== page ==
As every good science-fiction fan knows, robots and their interactions with humans are governed by Isaac Asimov’s Laws of Robotics. In the real world, however, the laws of robotics apply very differently.
The Laws of Robotics
Isaac Asimov was one of the greatest science-fiction writers of all time. He created a fictional list of three laws of robotics that robots must be programmed to follow. These had to be followed in order, with the first law being the most important. The laws are:
- A robot may not injure a human being or, through inaction, allow a human being to come to harm.
- A robot must obey the orders given it by human beings except where such orders would conflict with the First Law.
- A robot must protect its own existence as long as such protection does not conflict with the First or Second Law.
- A robot may not harm humanity, or, by inaction, allow humanity to come to harm.
At first glance, these fictional laws seem to be fairly good guidelines for interactions between humans and robots. But they were never meant as any form of law. They have formed the basis of many science-fiction writers’ work. But they are fictional and don’t exist in our society, even though many of our industries and social interactions involve robots. Currently, robots have killed humans, they can enter contracts and have formed part of the technology for driverless cars.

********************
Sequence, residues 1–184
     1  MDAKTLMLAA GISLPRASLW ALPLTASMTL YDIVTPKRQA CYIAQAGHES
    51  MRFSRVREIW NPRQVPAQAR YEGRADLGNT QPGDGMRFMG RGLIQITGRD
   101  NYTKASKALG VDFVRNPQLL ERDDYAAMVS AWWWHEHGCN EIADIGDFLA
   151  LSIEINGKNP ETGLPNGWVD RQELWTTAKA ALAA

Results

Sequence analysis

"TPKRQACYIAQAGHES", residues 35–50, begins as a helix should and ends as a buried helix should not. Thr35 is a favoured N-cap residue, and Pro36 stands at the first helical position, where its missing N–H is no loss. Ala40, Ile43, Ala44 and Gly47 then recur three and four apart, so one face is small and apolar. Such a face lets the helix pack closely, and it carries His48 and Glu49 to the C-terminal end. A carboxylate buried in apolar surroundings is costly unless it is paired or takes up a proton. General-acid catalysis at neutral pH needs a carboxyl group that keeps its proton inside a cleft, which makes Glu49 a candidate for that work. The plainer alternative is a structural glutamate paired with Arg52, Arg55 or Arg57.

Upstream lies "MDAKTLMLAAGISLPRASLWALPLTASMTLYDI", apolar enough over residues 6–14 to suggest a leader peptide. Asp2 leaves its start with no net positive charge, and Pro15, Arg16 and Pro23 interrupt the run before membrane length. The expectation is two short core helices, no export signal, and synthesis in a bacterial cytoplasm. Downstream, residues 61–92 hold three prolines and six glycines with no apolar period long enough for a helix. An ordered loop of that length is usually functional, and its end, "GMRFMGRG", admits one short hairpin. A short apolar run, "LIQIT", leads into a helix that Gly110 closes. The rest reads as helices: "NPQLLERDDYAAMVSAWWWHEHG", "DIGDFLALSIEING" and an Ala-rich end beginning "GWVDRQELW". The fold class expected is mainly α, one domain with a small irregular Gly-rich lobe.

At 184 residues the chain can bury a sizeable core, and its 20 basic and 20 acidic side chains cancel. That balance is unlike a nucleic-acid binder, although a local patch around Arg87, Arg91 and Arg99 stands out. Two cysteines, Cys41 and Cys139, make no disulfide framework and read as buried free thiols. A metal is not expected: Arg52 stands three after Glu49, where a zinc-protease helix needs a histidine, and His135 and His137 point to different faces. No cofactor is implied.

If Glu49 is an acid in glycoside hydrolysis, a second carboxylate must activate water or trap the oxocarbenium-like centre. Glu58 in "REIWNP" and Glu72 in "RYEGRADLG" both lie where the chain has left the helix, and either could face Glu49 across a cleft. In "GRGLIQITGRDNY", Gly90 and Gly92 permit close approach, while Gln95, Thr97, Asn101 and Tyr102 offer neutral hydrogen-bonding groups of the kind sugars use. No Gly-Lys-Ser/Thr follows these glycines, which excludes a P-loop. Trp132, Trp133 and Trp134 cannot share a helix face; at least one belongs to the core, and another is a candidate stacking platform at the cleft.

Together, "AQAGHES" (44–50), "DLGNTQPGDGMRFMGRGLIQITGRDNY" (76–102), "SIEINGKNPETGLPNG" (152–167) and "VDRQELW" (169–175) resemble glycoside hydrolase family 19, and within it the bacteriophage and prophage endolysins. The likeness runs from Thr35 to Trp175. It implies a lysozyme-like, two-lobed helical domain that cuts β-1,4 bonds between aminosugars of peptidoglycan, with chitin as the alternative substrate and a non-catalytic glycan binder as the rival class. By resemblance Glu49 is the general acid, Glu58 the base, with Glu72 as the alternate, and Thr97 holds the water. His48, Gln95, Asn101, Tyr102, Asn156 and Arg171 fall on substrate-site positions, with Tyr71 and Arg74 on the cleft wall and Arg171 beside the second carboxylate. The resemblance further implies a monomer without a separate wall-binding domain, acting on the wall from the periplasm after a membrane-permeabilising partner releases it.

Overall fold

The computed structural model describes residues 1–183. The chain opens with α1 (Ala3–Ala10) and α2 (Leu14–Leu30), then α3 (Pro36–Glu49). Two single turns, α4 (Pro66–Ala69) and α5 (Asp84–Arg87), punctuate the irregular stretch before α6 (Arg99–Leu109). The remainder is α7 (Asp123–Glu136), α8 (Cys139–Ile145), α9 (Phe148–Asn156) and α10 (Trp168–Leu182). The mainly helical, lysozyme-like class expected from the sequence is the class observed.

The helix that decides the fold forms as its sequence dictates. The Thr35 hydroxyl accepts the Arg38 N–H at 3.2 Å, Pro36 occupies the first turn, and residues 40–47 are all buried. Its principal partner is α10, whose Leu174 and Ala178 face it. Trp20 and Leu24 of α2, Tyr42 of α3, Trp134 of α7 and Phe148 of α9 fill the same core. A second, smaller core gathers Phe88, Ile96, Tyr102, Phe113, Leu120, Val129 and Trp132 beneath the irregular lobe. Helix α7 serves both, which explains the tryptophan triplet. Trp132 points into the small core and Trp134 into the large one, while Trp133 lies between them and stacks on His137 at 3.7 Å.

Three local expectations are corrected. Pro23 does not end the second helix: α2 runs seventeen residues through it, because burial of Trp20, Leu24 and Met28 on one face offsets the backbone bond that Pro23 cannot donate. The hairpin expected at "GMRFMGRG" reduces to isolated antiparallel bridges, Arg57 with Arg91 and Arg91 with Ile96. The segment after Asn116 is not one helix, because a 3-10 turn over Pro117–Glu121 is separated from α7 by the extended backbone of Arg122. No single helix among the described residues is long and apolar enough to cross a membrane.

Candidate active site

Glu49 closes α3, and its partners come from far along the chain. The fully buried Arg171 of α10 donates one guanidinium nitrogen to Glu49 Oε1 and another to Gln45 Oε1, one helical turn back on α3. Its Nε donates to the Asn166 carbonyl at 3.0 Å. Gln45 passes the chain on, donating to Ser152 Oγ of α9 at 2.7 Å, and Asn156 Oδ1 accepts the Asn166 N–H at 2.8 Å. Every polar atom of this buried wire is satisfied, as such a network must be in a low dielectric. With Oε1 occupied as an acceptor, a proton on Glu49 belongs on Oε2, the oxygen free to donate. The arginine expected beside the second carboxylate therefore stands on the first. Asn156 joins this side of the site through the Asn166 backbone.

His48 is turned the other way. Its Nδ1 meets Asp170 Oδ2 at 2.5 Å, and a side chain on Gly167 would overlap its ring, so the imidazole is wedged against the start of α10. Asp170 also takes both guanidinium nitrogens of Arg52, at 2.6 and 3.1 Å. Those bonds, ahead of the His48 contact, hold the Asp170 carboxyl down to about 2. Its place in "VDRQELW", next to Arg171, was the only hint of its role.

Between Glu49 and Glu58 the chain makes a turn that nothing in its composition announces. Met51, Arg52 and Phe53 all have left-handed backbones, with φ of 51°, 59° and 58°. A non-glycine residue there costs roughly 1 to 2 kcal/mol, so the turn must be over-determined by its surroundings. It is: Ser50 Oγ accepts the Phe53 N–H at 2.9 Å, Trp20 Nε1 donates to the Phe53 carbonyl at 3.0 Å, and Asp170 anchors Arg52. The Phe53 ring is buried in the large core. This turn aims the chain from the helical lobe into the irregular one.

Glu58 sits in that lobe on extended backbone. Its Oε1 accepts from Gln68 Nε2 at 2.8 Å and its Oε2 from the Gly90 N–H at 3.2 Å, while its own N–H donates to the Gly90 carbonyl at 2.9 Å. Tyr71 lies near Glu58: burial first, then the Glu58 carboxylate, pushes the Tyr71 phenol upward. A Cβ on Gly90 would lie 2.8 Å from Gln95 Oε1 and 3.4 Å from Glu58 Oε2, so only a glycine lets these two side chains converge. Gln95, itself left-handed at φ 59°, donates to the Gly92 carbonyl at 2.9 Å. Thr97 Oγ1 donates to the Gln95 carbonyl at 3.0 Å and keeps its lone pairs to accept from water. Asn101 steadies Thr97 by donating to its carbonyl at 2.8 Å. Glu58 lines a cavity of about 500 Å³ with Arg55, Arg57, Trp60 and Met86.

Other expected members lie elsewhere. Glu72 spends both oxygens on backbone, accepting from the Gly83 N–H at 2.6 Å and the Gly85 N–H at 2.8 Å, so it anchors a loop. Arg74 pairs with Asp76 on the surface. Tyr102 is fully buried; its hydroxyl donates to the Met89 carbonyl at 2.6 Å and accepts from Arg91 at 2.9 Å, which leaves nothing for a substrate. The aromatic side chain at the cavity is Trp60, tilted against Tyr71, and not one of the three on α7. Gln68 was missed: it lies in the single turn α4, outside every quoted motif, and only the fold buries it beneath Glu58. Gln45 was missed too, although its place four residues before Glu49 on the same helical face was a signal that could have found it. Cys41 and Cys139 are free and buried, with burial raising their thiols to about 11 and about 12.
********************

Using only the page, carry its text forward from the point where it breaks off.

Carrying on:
Instead, our society has Robot Law. Robot law covers a whole variety of issues regarding robots including robotics, AI, driverless cars and drones. It also impacts on many human rights including dignity and privacy.
Robot law is an exciting and rapidly developing area of law that will have a major impact on our world. And while Asimov’s laws of robotics are fictional, they are still used to guide thinking about robots in both science-fiction and the real world. In fact, the recent EU report on the civil law rules of robotics in Europe includes reference to the four laws of robotics. It says that robot law must be built on the principles of the three laws of robotics, until robots are advanced enough to be programmed to obey them themselves.
We are excited to see how robot law continues to develop, and we take our virtual hats off to Mr Asimov for creating – without knowing it – the foundation for robot law to build on.